nachricht NASA flights gauge summer sea ice melt in the Arctic
25.07.2017 | NASA/Goddard Space Flight Center

All articles from Earth Sciences >>>

The most recent press releases about innovation >>>

Die letzten 5 Focus-News des innovations-reports im Überblick:

Im Focus: Carbon Nanotubes Turn Electrical Current into Light-emitting Quasi-particles

Strong light-matter coupling in these semiconducting tubes may hold the key to electrically pumped lasers

Light-matter quasi-particles can be generated electrically in semiconducting carbon nanotubes. Material scientists and physicists from Heidelberg University...

Im Focus: Flexible proximity sensor creates smart surfaces

Fraunhofer IPA has developed a proximity sensor made from silicone and carbon nanotubes (CNT) which detects objects and determines their position. The materials and printing process used mean that the sensor is extremely flexible, economical and can be used for large surfaces. Industry and research partners can use and further develop this innovation straight away.

At first glance, the proximity sensor appears to be nothing special: a thin, elastic layer of silicone onto which black square surfaces are printed, but these...

Im Focus: 3-D scanning with water

3-D shape acquisition using water displacement as the shape sensor for the reconstruction of complex objects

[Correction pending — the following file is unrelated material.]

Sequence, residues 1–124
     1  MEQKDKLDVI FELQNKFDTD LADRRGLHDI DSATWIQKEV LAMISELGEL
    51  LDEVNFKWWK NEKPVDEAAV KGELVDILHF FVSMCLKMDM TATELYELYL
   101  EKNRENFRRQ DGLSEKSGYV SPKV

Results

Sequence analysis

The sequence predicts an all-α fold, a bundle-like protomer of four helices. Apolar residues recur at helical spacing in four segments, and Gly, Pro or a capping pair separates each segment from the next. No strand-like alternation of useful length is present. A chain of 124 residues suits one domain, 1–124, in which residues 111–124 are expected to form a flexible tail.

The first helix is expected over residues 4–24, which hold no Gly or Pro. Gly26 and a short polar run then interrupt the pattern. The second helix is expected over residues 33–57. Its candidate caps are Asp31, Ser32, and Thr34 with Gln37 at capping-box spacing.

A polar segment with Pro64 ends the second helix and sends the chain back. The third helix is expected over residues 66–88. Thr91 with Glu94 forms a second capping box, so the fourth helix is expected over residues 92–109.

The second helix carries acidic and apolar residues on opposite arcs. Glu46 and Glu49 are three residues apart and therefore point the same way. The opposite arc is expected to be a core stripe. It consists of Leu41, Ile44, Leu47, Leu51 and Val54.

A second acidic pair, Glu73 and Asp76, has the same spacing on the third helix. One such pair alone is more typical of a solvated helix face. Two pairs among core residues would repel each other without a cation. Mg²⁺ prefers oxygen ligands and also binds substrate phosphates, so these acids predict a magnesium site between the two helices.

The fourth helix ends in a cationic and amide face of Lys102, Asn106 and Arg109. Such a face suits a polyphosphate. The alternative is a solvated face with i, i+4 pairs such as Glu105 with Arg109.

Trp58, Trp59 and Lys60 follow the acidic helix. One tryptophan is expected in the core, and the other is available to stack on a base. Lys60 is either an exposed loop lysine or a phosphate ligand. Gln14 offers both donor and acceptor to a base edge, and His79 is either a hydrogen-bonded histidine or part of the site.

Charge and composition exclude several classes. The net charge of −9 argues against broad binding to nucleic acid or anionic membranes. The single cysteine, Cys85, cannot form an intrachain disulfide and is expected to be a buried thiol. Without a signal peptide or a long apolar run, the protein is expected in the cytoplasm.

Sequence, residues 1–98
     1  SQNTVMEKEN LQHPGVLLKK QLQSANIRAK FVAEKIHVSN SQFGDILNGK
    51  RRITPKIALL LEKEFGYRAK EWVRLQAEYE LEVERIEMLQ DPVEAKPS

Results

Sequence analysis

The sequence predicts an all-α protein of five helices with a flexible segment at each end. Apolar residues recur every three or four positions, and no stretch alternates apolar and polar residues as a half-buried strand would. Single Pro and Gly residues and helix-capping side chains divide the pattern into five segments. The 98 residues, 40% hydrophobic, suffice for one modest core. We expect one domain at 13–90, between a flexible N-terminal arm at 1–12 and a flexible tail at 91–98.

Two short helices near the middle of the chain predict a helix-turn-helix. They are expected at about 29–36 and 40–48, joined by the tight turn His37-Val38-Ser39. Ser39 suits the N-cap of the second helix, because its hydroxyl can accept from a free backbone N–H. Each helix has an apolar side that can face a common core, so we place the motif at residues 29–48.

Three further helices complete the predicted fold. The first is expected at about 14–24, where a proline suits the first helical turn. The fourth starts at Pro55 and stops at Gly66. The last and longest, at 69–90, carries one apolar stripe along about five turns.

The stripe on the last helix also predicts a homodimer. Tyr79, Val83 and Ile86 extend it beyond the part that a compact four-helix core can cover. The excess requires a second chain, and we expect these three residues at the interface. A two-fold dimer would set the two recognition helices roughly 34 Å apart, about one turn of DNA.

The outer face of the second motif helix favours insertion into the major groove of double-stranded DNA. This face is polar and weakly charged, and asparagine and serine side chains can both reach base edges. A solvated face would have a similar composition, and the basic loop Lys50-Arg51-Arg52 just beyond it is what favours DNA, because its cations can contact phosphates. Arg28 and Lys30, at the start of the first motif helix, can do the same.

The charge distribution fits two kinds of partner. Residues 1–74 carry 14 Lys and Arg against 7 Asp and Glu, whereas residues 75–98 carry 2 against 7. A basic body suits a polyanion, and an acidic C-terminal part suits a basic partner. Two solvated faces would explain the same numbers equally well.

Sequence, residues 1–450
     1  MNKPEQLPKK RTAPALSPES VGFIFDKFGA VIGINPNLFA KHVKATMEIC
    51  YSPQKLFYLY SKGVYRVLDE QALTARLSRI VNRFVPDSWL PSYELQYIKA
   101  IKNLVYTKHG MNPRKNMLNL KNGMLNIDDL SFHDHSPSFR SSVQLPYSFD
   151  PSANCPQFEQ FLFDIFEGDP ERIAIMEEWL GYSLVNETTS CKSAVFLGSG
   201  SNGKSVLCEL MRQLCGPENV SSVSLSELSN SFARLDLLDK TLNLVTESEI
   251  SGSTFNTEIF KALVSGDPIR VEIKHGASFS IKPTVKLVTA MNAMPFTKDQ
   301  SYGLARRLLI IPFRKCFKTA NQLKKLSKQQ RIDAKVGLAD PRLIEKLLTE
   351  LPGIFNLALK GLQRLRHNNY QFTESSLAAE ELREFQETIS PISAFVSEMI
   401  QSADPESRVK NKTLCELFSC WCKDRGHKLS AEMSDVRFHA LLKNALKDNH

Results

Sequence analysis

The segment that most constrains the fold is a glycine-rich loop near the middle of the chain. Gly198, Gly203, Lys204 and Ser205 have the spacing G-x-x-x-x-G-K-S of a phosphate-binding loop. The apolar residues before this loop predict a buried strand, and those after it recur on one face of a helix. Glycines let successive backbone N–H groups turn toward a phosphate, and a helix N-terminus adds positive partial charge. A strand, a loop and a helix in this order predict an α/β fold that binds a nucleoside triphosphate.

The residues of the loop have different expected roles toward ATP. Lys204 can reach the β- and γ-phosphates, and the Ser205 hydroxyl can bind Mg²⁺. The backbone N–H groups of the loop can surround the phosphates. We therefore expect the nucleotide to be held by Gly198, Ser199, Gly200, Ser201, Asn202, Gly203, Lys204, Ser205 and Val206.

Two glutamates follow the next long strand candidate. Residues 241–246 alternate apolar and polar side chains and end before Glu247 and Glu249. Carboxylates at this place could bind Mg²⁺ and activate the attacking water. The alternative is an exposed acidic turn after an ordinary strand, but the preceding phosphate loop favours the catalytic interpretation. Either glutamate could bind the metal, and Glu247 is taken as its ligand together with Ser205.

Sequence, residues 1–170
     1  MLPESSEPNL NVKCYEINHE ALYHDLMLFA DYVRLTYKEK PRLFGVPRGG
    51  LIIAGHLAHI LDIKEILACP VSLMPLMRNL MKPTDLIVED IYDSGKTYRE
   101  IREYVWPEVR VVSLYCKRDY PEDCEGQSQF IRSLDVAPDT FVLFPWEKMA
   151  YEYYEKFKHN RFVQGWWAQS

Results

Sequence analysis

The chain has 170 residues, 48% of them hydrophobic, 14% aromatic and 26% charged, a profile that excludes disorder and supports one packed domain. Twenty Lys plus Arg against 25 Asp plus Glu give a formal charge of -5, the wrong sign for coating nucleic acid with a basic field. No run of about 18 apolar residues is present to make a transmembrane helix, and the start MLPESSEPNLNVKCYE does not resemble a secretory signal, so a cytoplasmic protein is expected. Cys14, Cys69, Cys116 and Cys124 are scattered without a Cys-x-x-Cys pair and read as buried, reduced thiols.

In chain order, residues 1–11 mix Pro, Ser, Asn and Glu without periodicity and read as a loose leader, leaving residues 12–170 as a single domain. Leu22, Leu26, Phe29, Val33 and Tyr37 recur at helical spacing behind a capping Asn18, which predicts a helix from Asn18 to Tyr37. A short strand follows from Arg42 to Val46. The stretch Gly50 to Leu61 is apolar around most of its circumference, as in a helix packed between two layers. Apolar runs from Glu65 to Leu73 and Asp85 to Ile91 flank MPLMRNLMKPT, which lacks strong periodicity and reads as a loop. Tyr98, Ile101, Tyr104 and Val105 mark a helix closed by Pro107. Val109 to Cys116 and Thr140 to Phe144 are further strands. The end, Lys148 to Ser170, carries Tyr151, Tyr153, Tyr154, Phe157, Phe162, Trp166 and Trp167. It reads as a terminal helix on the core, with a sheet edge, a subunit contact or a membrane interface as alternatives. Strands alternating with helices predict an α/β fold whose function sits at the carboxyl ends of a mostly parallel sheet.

A global team of computer scientists and engineers have developed an innovative technique that more completely reconstructs challenging 3D objects. An ancient...

Im Focus: Manipulating Electron Spins Without Loss of Information

Physicists have developed a new technique that uses electrical voltages to control the electron spin on a chip. The newly-developed method provides protection from spin decay, meaning that the contained information can be maintained and transmitted over comparatively large distances, as has been demonstrated by a team from the University of Basel’s Department of Physics and the Swiss Nanoscience Institute. The results have been published in Physical Review X.

For several years, researchers have been trying to use the spin of an electron to store and transmit information. The spin of each electron is always coupled...

Im Focus: The proton precisely weighted

What is the mass of a proton? Scientists from Germany and Japan successfully did an important step towards the most exact knowledge of this fundamental constant. By means of precision measurements on a single proton, they could improve the precision by a factor of three and also correct the existing value.

To determine the mass of a single proton still more accurate – a group of physicists led by Klaus Blaum and Sven Sturm of the Max Planck Institute for Nuclear...

All Focus news of the innovation-report >>>

Anzeige

Anzeige

Event News

Closing the Sustainability Circle: Protection of Food with Biobased Materials

21.07.2017 | Event News

»We are bringing Additive Manufacturing to SMEs«

19.07.2017 | Event News

The technology with a feel for feelings

12.07.2017 | Event News

 
Latest News

NASA mission surfs through waves in space to understand space weather

25.07.2017 | Physics and Astronomy

Strength of tectonic plates may explain shape of the Tibetan Plateau, study finds

25.07.2017 | Earth Sciences

The dense vessel network regulates formation of thrombocytes in the bone marrow

25.07.2017 | Life Sciences

VideoLinks
B2B-VideoLinks
More VideoLinks >>>